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After encountering the violent sword of injustice at a young age, Cesar  Chavez became the voice of the unheard. The revolutionary civil rights  activist demanded equal rights for migrant field workers from all walks  of life. He was famous for his civil disobedience tactics and  controversial fasts. In 1962, Chavez founded the National Farm Workers  Association, which is presently known as the United Farm Workers (UFW).
Arturo  Rodriguez, UFW president and fellow warrior of Chavez says, [Chavez]  is a symbol of hope. Through his leadership, the rights of migrant farm  workers were recognized and laborers gained the respect they deserved.  Rodriguez recalls the fasts saying, The fasts focused national  attention to the problems of farm workers.  Chavez was willing to  sacrifice his own life for the rights of the people. Many thought he was  crazy for doing these long fasts, with his final one lasting 36 days.  Other farm workers were outraged and felt they were ineffective and too  religious. Rodriguez recalls Chavezs words, We have proved it before  through persistence, hard work, faith and willingness to sacrifice. We  can win and keep our own self-respect and recommitment to the struggle  for justice through non violence.
Chavez had strong ties to the  African American community in the midst of the civil rights movement.  Chicano/a studies professor, Jorge Garcia at California State University  at Northridge remembers the fight. He says, the movement was a two  edged sword. It gave the opportunity to work together with the Philipino  community and the African American community. Garcia says the Black  Panthers were heavily involved with the UFW. They frequently supported  boycotts, protests and published articles about the UFW in the Panthers  newsletter, The Crusader. At the time, black workers were in the  field, particularly in Fresno and Bakersfield, Garcia says.
Although  they only met once, Chavez and the Rev. Dr. Martin Luther King Jr. had a  close relationship, communicating by telegram. Irv Hershenbaum, first  vice president of UFW and with the Los Angeles County Federation of  Labor (AFL-CIO) worked with Chavez 21 years and remembers Dr. King  saying, Our separate struggles are really one. A struggle for freedom,  for dignity, and for humanity.  Hershenbaum says Chavez was motivated  by his own experience with segregation.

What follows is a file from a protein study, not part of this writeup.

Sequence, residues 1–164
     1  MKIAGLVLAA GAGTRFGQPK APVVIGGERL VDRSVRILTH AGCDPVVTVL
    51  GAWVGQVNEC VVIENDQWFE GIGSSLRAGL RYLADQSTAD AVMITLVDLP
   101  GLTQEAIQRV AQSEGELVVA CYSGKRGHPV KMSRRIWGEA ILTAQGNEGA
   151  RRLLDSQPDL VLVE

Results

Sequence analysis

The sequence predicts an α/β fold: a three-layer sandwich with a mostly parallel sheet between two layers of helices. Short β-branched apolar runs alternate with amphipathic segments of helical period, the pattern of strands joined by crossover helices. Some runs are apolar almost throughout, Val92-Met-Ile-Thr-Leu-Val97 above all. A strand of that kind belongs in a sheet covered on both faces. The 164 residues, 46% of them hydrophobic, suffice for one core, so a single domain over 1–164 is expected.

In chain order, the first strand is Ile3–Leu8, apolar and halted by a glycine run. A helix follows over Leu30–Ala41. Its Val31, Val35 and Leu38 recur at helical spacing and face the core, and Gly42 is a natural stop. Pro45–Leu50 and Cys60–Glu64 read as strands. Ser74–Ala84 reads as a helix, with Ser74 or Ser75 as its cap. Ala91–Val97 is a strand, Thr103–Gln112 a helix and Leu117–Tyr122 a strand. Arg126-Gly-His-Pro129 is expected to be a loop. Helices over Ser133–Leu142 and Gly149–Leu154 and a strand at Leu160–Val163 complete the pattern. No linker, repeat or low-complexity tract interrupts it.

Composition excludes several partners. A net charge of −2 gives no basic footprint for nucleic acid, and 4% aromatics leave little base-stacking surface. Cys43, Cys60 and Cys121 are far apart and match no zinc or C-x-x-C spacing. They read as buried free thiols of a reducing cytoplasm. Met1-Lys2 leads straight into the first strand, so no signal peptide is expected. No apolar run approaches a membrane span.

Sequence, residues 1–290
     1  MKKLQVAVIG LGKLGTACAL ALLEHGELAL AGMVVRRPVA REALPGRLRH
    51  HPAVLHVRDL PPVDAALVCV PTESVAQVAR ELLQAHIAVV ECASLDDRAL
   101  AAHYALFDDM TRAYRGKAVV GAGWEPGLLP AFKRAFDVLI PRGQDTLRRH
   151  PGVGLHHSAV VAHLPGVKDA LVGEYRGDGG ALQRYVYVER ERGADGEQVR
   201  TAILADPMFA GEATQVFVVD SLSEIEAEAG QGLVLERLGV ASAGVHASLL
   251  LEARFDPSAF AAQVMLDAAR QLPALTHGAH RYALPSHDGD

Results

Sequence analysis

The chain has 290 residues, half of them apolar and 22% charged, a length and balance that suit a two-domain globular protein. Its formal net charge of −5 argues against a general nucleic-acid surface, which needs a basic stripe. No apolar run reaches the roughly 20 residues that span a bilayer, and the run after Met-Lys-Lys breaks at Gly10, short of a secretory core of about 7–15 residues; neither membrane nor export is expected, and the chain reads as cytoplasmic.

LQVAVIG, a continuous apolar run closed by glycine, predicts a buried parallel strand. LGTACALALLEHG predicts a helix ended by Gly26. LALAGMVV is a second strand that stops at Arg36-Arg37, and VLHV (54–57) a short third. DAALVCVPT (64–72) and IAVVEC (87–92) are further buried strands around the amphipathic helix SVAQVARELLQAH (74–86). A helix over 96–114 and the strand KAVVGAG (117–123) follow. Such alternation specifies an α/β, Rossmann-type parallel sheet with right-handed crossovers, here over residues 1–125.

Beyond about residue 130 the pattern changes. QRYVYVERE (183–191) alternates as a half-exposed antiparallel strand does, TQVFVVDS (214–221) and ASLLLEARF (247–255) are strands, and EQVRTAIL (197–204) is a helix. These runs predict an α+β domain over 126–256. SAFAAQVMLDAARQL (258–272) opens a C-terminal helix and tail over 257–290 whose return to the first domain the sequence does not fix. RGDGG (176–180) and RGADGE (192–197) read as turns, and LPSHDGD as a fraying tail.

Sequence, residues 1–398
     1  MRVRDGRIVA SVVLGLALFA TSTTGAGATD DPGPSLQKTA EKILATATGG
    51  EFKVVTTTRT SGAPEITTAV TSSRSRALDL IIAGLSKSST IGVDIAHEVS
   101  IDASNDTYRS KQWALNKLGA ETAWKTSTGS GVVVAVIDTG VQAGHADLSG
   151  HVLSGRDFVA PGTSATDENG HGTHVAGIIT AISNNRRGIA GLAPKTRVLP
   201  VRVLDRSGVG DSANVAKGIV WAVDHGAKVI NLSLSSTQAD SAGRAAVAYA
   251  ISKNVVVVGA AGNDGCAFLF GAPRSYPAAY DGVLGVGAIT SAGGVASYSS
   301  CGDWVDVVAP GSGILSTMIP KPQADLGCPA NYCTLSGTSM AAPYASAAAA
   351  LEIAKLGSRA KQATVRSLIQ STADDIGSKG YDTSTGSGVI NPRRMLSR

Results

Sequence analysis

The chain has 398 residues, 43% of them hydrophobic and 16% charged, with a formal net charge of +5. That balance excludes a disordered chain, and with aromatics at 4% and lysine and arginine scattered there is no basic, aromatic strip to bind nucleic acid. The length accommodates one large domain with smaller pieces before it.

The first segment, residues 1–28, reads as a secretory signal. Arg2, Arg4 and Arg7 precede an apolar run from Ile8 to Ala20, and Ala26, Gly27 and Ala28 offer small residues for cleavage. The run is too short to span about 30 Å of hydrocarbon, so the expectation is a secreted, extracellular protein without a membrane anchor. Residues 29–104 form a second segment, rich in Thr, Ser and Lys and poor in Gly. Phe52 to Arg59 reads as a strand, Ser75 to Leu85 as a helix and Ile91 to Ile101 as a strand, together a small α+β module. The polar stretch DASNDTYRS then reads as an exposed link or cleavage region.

Born March 31, 1927 in Yuma,  Ariz., Cesar Estrada Chavez experienced discrimination at a young age.  Watching white land owners take advantage of his family and experiencing  racism during and after his service in the US military, Chavezs  passion grew for justice and education. He studied Gandhi and other  peaceful civil rights leaders. Much of his inspiration came from the  Rev. Dr. Martin Luther King as well.
Chavez has inspired others  world wide and has harvested a garden of labor organizations. Mary  Gutierrez of the AFL-CIO explains the foundation of the organization,  He is everything of what we do. He is one those labor leaders that is  recognized around the world. The AFL-CIO is dedicated in supporting and  servicing labor workers of Los Angeles.
Recently, the AFL-CIO  victoriously fought for the rights of sixteen hotel workers near the  LAX. With the help of a seven day fast and persistence, a law was passed  for fair living wages for hotel workers in the LAX district.
Several  laws and regulations have been instituted through the efforts of Chavez  and his supporters. The biggest was the passage of the Agricultural  Labor Relations Act, which gives farm workers the right to organize,  vote in state-supervised secret-ballot elections and bargaining with  their employers, Rodriguez says. Chavez and labor workers fought to  have regular breaks, fair wages and necessary accommodations in the  field like bathrooms and water.
After his untimely death April 23,  1993, workers nationwide continue to unite in the spirit of Cesar  Chavez. Gutierrez says Chavez brought unity and reinforced the  teachings of Dr. King in the Latino community. She says he was the MLK  for farm workers. Chavezs legacy lives on.